PhD student Elles Raaijmakers always tries to see the funny side of things and reproduces this in cartoons and comics. This time: playing outside isn't just for kids.
The upcoming carnival season poses a significant threat to all. No, I do not allude to drunk Dutch or sexually repressed men dressed up as clowns, waddling around in an awkward polonaise. Instead, we are at risk of being ‘attacked’ by an ‘earworm’. This phenomenon, also known as involuntary musical imagery, concerns the ongoing repetition of one or more lines of music, stuck in one’s head.
In my latest column in January, I described the cultural differences in greetings (bowing, kissing or shaking hands) around the world, and we saw that the Dutch and the French, for example, practice greetings or express wishes in different ways. Now let’s go deeper into the topic and examine habits in the more intimate, romantic and passionate kissing, a.k.a. French kissing.
PhD student Elles Raaijmakers always tries to see the funny side of things and reproduces this in cartoons and comics. This time: Ronnie gets caught illegally downloading software.
Most people must have heard of it by now, TU/e will start making use of evening hours for lectures from quartile 3 and 4 of this academic year. What’s going on?
Examination period. A few individuals spend these two weeks in total rest and certainty, while most are grinding away many a tense hour behind their books. Uncertainty or the awareness that it might have been better to start studying the subject matter earlier cause many students to keep studying late, burning the midnight oil. Don’t do it!
PhD student Elles Raaijmakers always tries to see the funny side of things and reproduces this in cartoons and comics. This time: meanwhile, during an evening lecture...
“What’s in a name?”, said Shakespeare once famously. While the philosophical debate continues, I often ask people, “what does it mean!?”. In response comes a confused reply - “What do you mean?”. Yes, your name, it would have a meaning in your culture or language, right?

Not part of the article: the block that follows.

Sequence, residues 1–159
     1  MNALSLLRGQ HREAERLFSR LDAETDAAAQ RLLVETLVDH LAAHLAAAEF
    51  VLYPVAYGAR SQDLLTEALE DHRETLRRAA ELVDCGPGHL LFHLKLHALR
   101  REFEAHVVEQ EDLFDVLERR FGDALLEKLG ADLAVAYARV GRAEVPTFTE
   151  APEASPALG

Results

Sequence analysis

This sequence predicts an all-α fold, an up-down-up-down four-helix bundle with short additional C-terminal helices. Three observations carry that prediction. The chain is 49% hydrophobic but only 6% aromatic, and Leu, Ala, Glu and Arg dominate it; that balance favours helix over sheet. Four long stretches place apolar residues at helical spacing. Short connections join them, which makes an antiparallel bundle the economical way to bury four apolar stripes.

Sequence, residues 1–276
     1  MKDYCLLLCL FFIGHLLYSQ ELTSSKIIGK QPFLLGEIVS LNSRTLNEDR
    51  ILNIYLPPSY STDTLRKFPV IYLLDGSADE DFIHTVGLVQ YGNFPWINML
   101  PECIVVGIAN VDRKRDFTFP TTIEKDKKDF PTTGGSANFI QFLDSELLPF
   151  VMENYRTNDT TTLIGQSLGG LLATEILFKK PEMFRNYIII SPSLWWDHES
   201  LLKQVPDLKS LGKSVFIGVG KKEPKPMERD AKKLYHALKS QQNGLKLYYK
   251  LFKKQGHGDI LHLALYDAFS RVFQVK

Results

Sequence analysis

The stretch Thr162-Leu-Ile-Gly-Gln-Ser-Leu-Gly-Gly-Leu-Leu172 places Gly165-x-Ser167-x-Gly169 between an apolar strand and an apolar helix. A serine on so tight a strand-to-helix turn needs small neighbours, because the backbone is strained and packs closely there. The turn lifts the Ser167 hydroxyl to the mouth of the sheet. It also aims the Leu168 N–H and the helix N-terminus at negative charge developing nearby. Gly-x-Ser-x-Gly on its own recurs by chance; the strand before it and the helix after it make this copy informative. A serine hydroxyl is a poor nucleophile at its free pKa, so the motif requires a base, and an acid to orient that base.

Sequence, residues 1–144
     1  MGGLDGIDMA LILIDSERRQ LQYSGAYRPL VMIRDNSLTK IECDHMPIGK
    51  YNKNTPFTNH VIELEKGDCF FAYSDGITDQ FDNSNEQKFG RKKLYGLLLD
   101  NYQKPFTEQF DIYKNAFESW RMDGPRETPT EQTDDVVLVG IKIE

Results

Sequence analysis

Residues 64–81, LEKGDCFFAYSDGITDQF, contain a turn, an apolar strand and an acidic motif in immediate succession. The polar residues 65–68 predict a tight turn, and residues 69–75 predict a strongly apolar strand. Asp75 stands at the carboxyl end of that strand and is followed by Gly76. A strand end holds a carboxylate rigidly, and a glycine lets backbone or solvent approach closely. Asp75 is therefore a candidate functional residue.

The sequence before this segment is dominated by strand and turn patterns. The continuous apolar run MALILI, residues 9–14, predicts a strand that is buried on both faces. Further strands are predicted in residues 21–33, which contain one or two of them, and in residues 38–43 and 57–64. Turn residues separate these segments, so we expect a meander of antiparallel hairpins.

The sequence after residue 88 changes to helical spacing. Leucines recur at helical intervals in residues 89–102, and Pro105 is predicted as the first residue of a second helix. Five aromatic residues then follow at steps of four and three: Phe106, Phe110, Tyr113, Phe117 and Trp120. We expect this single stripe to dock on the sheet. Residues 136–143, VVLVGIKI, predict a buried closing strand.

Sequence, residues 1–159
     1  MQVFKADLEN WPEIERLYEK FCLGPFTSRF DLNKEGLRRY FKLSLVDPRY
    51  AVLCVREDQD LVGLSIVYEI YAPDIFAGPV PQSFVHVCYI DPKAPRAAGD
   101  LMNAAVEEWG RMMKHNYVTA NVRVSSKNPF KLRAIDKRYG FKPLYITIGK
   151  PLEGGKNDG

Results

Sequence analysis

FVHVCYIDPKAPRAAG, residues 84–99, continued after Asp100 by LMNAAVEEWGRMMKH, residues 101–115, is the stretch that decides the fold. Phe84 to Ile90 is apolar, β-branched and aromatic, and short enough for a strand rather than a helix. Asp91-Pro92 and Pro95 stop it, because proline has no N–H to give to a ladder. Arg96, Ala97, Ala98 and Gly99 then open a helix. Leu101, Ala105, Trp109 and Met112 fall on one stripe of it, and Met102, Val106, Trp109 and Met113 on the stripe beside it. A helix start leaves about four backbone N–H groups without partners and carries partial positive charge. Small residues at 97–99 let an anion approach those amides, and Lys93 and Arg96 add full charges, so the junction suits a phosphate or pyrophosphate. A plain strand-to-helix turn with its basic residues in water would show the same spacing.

We have four children, and each one is growing fast. Pants are too short in no time, and jackets fit too snugly before you know it. It always comes as a surprise, but we can’t but accept: I never try to convince them short is the new black, nor do I urge them to wear their jackets on their left arm and right arm alternately. I just buy them new clothes.
These forms of greetings are actually the title of a book that reviews various business practices and greeting forms in about 60 countries. Needless to say, such general informative books are quickly outdated. But not so when it comes to greeting practices, the topic I want to tackle in this first column at the beginning of this new year 2016.
Around dinner time my wife and I always like to watch Australian Master Chef, while knocking together our own food during the commercial breaks. A well-known item from this popular cooking contest is the Mystery Box – a box containing a very limited set of ingredients that the contestants have to cook with. And then it turns out that you can compose the nicest dishes with licorice, fennel, sesame seed and red port. On some occasions the contestants are given an empty box. Then they have a free rein and can go ahead using their own imagination to the full. At such moments a number of candidates completely lose it and literally and figuratively make a complete mess of it. Out-of-the-box thinking is by no means easy.